"My aunt caught me by the hand" (Harpers Weekly illustration for Wilkie Collins's The Moonstone (11 April 1868).
The book then moves onto more abstract dispersions from the literal and the figurative hand: James Eli Adams addresses the symbolic sense of the hand in mortmain, or "the dead hand" of legacy or inheritance that dictates the freedom and will of the living in Middlemarch. Through Dorothea’s reaction to the dead hand of legacy, Adams articulates Eliot’s aesthetic of moral asceticism. Jonathan Cheng addresses what one could call "the hand diffused" — in other words, gestures. With methods used in distance reading, Cheng echoes the refrains of Actor-Network Theory utilized by Zemka in mapping the way hands (in his case, gestures) create a network that reveals the pattern of their characters' behaviour in the narrative. He maps the “changing description of characters’ hand gestures in 905 nineteenth-century novels, with a specific emphasis on investigating the extent that these hand gestures behave as signs of gender” (149-50). Cheng notes the decreasing strength of the connection between gestural description and their implied gender; this trend of diminishing the symbolic strength of the hand is reiterated in the next essay by Kate Flint. Flint addresses both the representation and the physical hand in and out of Victorian photography, which not only obsessed over hands as an image but also as tools of producing those images. She argues that the role of the hand in nineteenth century photography is curbed as the status of photography shifts from artistic labor to more mechanized procedure throughout its history. The place of hand in relationship to technology of photography, as it did with the industrial machines in Capuano and Ketabgian’s arguments, falls in symbolic value from artistic perfection to an inept tool. Though stained fingers and finger stains in making photography once marked craftsmanship that distinguished itself from racialized and classed labor, by the end of the century they became “an undesirable mark of slovenliness rather than a badge of serious aesthetic and scientific engagement” (193). Julianne Smith also explores the visuality of the hand in H.K. Browne’s illustrations and stage adaptions of Dickens’s Bleak House. The full physicality of the hand is privileged, Smith argues, over other forms of expression in the theatrical representation of class and gender anxieties.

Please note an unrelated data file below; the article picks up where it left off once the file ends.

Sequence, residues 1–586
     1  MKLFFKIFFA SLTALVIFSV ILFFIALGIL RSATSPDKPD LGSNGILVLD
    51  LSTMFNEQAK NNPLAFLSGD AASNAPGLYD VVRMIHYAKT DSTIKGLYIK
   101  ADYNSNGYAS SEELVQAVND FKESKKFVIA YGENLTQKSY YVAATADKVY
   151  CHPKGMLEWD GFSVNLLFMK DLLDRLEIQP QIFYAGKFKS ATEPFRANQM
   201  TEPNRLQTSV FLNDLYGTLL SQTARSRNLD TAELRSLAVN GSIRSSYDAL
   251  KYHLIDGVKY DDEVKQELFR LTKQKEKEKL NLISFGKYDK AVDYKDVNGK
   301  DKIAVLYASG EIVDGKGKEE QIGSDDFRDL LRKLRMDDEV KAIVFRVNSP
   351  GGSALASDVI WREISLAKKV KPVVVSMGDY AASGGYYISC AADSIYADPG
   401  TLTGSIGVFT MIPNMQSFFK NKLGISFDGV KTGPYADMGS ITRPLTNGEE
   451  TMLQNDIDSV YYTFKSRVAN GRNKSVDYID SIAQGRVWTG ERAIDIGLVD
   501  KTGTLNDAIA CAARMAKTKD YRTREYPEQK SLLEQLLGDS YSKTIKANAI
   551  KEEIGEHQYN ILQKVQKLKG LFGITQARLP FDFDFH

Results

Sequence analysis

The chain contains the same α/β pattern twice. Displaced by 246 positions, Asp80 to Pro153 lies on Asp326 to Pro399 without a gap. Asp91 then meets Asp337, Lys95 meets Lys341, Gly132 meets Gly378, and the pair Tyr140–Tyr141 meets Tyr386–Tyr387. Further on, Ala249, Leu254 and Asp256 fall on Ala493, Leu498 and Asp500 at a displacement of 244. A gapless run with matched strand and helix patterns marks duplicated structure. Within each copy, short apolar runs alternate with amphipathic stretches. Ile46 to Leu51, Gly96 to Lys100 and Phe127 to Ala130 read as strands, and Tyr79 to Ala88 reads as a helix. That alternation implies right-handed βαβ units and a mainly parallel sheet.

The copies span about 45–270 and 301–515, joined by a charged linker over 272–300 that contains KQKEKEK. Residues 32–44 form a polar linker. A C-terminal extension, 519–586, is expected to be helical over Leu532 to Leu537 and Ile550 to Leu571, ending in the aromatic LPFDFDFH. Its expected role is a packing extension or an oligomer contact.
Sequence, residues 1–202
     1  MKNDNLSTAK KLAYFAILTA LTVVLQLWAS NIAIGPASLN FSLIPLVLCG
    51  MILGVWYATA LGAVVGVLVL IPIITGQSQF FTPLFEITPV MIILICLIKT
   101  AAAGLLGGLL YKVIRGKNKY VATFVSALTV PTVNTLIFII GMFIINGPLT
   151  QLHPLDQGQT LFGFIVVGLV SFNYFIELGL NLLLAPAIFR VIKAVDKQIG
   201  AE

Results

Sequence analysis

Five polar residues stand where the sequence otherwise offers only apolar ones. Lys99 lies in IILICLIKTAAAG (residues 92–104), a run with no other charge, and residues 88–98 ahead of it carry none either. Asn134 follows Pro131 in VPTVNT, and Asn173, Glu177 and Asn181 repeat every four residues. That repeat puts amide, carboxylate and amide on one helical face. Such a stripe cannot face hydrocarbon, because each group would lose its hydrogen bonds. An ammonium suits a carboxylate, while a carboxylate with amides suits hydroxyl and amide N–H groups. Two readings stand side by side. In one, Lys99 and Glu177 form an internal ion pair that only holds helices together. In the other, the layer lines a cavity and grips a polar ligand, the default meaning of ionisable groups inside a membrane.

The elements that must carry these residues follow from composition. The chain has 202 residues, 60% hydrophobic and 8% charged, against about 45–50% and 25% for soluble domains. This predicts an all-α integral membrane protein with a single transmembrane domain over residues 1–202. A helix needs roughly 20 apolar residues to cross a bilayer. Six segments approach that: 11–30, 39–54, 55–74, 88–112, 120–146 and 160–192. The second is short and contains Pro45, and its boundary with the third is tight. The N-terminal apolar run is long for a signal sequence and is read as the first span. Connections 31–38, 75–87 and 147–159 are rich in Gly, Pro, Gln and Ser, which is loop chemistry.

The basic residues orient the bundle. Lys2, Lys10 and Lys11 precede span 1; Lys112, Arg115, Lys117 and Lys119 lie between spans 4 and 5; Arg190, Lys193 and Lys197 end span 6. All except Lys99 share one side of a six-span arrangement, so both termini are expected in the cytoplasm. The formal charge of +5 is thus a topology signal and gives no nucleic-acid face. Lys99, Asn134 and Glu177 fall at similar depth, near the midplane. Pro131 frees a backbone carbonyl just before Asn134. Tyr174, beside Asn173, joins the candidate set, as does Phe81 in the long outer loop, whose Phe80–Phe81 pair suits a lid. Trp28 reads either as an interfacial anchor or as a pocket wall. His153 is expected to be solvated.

H. K. Browne (Phiz)'s "Lady Dedlock in the Wood" in Dickens's Bleak House, as she reaches out to acknowledge her daughter Esther for the first time.
After the physical turn that started with Kate Flint’s essay, Deborah Deneholz Morse takes a turn back to literature — albeit late Victorian ones — by a close reading of hands in Trollope’s The Duke’s Children, and demonstrating the role that the hands play in representing the novel’s subtle openness to more progressive ideals in class and gender towards the end. Daniel A. Novak also reads an openness to future and posterity in the figure of the writing hand in Oscar Wilde, negotiating the balance between the author’s will over his own legacy and how he will be taken up by future generations. Novak, in other words, reads a “living hand” in Wilde’s “letter to and for the future,” a contrast to the dead hand we have found in Adams’s reading of Middlemarch (252). Like Morse and Novak, Miller reads a liveliness in the detached hands of Hardy’s prose and poems, and James’s Wings of the Dove. These last three look forward in time positively in their reading of hands: despite the diminishing of symbolic power that hands underwent in the nineteenth century, there still seems to be hope in our most delicate appendages.
Despite the crisp organization of the essays, the authors' frequent mistakes in names and labels of characters and theories take the reader away from their arguments. Franklin Blake and Gabriel Betteredge from The Moonstone are called “Frederick Blake” and “Gabriel Betteridge” (10, 113, 114, 122), and Bruno Latour’s Actor-Network Theory (ANT) is labeled and consistently invoked as “ACT” (112-3, 119, 126). Marian Halcombe is named as “Marian Earle,” Walter Hartright is frequently spelled “Walter Hartwright” (8-9), Rosanna Spearman as “Roseanna Spearman” (113, 117), and Godfrey Ablewhite as “Godfrey Abelwhite” (114).